No, don’t be ridiculous
What a peculiar question. If you want to fly use some sort of aerofoil and design it to maximize lift and minimize the amount of drag. Tricks like hovering and high speed manoeuvres, that would be the envy of a Spitfire pilot, are a reminder that flight involves a great deal more than flapping wings. Despite looking wildly different all biological aerofoils work in the same way. The membranous wings of an insect and the skin attached to the enormous fourth finger of an extinct pterodactyl (literally “flying finger”) or splayed across the four elongate fingers of a bat may all look very different but they all serve to keep their owners aloft.
Birds do it differently, using elongate scales derived from the theropod ancestors that we call feathers. Now then, surely feathers are a sort of comb? Pick one up and see how easily you can separate the tiny branches (the barbs) that arise asymmetrically on either side of the central strut (the rachis). To restore the smooth aerodynamic surface of the feather, the pressure of your fingers (or that of the passing air) will rejoin the barbs because attached to the barbs are even finer branches (the barbules) with arrays of hooks. The point is the bird needs a feather not a comb! And yes, some insects equipped with hind- and fore-wings can lock them together in-flight using a number of ingenious devices, some of which include hooks. Once again, however, it is a wing and not a comb.
Yes, of course
No prizes where the name for the tropical fly Tinkerbella came from. It is after that infuriating little fairy Tinkerbell that zooms around the set of J.M. Barrie’s play Peter Pan. Remember also P.G. Wodehouse’s Madeline Bassett who thought “that every time a fairy blows its wee nose a baby is born, which, as we know, is not the case” (Stiff Upper Lip, Jeeves). If real fairies are very dangerous, the schmaltzy version envisaged by that drip Madeline has mandatory gauze-like wings. Not so with Tinkerbella; here the wings have undergone an extraordinary change from the typical fly wing. Now they consist of an exceedingly narrow membrane from which arise a series of elongate and incredibly thin hairs, rather like a comb in fact.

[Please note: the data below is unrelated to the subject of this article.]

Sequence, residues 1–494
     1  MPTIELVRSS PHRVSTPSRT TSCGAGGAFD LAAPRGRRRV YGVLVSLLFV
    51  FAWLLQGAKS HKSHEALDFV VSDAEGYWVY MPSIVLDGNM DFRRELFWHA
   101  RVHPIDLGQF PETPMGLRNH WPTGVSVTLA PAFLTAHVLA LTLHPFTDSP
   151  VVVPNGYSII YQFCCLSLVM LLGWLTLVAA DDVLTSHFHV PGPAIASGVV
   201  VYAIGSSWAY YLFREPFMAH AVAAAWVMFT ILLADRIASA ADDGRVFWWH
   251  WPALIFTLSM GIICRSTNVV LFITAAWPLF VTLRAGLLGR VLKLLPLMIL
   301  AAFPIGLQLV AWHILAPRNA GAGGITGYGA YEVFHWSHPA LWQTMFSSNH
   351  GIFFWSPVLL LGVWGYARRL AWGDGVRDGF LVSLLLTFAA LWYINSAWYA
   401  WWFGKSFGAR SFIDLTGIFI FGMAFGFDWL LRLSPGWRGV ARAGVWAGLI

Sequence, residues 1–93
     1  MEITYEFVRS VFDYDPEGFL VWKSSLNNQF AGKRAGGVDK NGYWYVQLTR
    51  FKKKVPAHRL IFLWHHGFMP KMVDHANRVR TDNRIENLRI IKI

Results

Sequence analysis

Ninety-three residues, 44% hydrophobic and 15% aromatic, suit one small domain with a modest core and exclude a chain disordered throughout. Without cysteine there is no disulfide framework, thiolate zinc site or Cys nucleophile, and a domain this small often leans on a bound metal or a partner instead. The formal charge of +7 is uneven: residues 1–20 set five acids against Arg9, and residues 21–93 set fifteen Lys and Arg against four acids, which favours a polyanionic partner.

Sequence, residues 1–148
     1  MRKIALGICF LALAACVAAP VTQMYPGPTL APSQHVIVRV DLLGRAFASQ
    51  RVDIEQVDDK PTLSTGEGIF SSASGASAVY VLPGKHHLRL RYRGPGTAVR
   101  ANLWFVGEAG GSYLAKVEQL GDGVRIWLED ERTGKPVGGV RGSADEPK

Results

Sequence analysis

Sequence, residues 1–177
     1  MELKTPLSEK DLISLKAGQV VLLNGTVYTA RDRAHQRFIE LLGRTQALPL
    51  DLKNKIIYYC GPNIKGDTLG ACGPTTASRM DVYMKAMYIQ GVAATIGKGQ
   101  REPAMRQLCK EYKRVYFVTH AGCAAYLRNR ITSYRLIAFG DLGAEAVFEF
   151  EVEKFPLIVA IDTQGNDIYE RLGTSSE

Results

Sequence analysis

Why this transformation? The answer revolves around the truly minute size of Tinkerbella, whose body length never exceeds a quarter of a millimetre (for techies 250 μm). A close relative, Kikiki (which means “tiny bit” in Hawaiian) is even smaller (c. 190 mm) and in either case at this scale the air through which these flies fly behaves very differently from everyday experience. With larger animals, and that includes most insects, the air flows freely and the effects of viscosity (in essence the “stickiness” of the fluid, technically a measurement of the resistance of any fluid – including air – to an imposed stress) are minimal. In the world of Tinkerbella it is a very different story because at their scale the viscous forces of air predominate. As a result air is so “sticky” that it cannot flow between the elongate hairs of the wing. So we arrive at a very economical arrangement where the total area of the wing, to the tips of the hairs, is far larger than it might first appear.
It all depends on the question
The balance between the forces of viscosity and inertia (related to body mass) is described by something known as Reynolds Number. Air is roughly one hundred times less viscous than water but also relative size (Tinkerbella versus a blue whale) and the speed of locomotion determine if one lives in a world of high or low Reynolds numbers. To us the lower Reynolds number world is deeply counterintuitive. Memorably described as being equivalent to a leisurely swim in a pool of molasses, in this regime when a bacterium ceases swimming its stopping distance is 0.1 Ångstroms, equivalent to one tenth the diameter of a hydrogen atom. Fairyflies hover on the margins of this strange world and it has even been suggested that they “swim” through the air rather than fly. Most likely not, but these flies are by no means the only insects to enter such a Lilliputian world and not surprisingly one hall-mark are those bristly wings. And animals smaller than amoeba beg many questions. In themselves the processes of miniaturization are startling enough, but how on earth can a brain that size still manage to work?
Text copyright © 2015 Simon Conway Morris. All rights reserved.
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